Stomach Ulcer Bloating
Many people who experience bloating after eating attribute it to a stomach ulcer. However, bloating is not one of the normal stomach ulcer symptoms. It is possible for this to occur in the case of perforation, but perforation is typically accompanied by extreme pain.
The truth is that most people actually experience relief from their ulcer discomfort after eating, as food can helps protect the stomach lining from stomach acid. So what could cause bloating if it is not an ulcer? We will take a look at that below.
Bloating After Eating Causes
There are a variety of things that could cause stomach bloating, but the three most common things are:
- Food Allergies
- Bile Reflux
- Irritable Bowel Syndrome
Below, you fill find more information on each of these bloating causes and what you can do to avoid or prevent it from occurring in the future.
Food Allergies and Irritating Foods
The most common cause of bloating is food allergies. After all, bloating involves the digestive tract filling up with air. If you have trouble digesting certain nutrients, bacteria will interact with these nutrients which will lead to bloating.
There are a lot of common food allergies and irritating foods:
- Diary (lactose) – includes milk, yogurt, cheese
- Tree nuts – includes almonds, walnuts, and more
- Peanuts – a separate allergy from tree nuts
- Gluten – found in virtually all grain products
- Fructose – large quantities of fructose have been known to induce bloating
- Other sugars – certain sugars like oligosaccharides (found in beans among other foods) can trigger bloating as well
Many people consider food allergies to be “black and white”: either you are allergic or you are not. This is a major mistake; just because you do not experience hives or difficulty breathing does not mean you do not have a mild allergy to a food.
Allergies to foods actually fall along a continuum; with some being very allergic to foods, some being not bothered by them at all, and many falling in the middle. If you fall in the middle, lactose might cause bloating but may not necessarily cause pain or diarrhea.
The easiest way to check for this is to perform an elimination diet. Remove all of the foods above for two weeks to see if bloating disappears. If it does, add each one back into your diet slowly and see if bloating returns. If it does, you know exactly what food caused the bloating and you can avoid it in the future.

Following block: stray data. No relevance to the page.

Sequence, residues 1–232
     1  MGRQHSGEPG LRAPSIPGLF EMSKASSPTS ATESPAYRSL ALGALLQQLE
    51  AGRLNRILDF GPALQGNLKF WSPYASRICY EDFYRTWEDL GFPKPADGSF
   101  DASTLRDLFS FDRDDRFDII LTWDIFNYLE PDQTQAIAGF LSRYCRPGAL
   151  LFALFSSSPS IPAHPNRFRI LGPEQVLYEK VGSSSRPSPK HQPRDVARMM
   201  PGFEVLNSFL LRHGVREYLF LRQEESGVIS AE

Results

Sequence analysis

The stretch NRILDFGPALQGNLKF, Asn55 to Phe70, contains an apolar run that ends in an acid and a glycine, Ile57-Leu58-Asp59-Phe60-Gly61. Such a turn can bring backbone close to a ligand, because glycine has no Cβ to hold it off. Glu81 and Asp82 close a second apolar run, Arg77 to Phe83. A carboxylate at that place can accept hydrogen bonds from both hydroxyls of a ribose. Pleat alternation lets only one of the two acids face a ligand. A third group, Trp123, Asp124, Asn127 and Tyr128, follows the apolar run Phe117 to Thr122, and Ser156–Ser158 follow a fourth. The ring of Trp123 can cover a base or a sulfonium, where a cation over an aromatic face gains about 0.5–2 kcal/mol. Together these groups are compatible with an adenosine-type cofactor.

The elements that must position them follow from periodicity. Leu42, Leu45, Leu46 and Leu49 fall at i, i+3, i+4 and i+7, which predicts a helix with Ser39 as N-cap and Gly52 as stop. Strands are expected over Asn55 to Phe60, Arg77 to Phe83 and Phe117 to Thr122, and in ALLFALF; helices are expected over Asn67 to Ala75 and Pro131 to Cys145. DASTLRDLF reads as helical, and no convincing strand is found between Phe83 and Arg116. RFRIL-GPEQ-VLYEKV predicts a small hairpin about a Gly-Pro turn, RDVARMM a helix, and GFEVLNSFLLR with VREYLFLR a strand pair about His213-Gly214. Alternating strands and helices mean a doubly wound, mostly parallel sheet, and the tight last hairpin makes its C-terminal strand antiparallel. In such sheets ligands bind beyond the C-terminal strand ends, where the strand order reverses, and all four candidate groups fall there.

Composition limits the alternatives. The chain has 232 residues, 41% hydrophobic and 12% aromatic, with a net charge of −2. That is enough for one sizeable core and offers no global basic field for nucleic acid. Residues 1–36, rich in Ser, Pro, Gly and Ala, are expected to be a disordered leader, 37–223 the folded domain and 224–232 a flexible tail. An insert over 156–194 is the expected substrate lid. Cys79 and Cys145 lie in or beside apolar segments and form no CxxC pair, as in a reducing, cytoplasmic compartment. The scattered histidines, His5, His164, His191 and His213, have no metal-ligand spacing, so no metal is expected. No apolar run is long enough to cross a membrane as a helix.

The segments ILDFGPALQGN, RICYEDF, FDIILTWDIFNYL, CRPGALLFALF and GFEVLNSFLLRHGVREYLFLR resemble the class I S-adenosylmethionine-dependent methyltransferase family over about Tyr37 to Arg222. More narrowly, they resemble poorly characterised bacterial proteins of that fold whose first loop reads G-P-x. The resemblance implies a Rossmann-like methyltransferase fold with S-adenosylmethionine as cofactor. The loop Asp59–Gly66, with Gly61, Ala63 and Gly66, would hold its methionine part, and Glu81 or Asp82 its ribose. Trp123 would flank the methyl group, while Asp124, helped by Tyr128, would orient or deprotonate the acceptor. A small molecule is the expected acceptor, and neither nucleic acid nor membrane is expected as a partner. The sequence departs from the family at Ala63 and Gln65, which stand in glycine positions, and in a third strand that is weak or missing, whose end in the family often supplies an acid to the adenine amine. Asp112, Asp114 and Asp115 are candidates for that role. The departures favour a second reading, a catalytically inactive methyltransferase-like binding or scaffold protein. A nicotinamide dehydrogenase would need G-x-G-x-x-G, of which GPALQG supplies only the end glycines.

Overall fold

Bile Reflux, Gastritis, Dyspepsia, and Irritable Bowel Syndrome
The gall bladder is a small organ which stores bile. Bile normally is secreted after eating and helps the body digest fat. Normally, bile stays in the small intestine, but if there is something wrong with the pyloric valve (the junction of the stomach and small intestine which normally only allows food to move from the stomach into the small intestine and not vice versa), bile may flow backwards into the stomach. This is known as bile reflux.
The most common reason for bile reflux is complications due to previous gastric surgery or a peptic ulcer on the pyloric valve which prevents it from functioning. If this one-way valve’s function is interrupted, bile may flow backwards and enter the stomach, leading to gastritis.
The bile duct can also be blocked by gallstones. Gallstones do not typically result in bloating but rather in abdominal pain and also strangely results in referred pain in the upper back and right shoulder.
If you have painful bloating after eating or non-painful bloating that does not go away after removing common allergies, you will definitely want to mention this to your doctor. If an H pylori test comes back as negative, the an endoscope may be performed to check for abnormal pyloric valve function among other things.
Gastritis refers to an inflammation of the stomach lining. The most common causes of gastritis are H pylori infection (the bacteria which can lead to ulcers) and excess use of alcohol or chewing tobacco. A doctor can test for the presence of H pylori with a simple urea breath test.
Dyspepsia is a general term which refers to upset stomach. Dyspepsia may be caused by gastritis or irritating foods, but also has some less common causes. Should a food elimination diet fail to eliminate bloating, you should see a doctor to get an actual diagnosis.
One of the most common symptoms of Irritable Bowel Syndrome (IBS) is stomach bloating. IBS is an unusual disorder, typically idiopathic (no known cause) which results in unusual colonic muscular contraction and activity in general, which can result both in constipation and diarrhea.
The most common recommendations for IBS are lifestyle changes, given its idiopathic nature. Elimination diets (to remove irritating foods) or just avoidance of commonly irritating foods and alcohol is a common recommendation. Starting an exercise program, getting more sleep, reducing stress, anxiety, and depression also seem to help significantly reduce bloating related to IBS.
If lifestyle changes fail to reduce bloating and other symptoms caused by IBS, medication may be prescribed by your doctor. Many modern medical professionals prefer to start with lifestyle changes as medication is not always effective and may have side effects, though your doctor can help guide you on which option would be best for your individual case.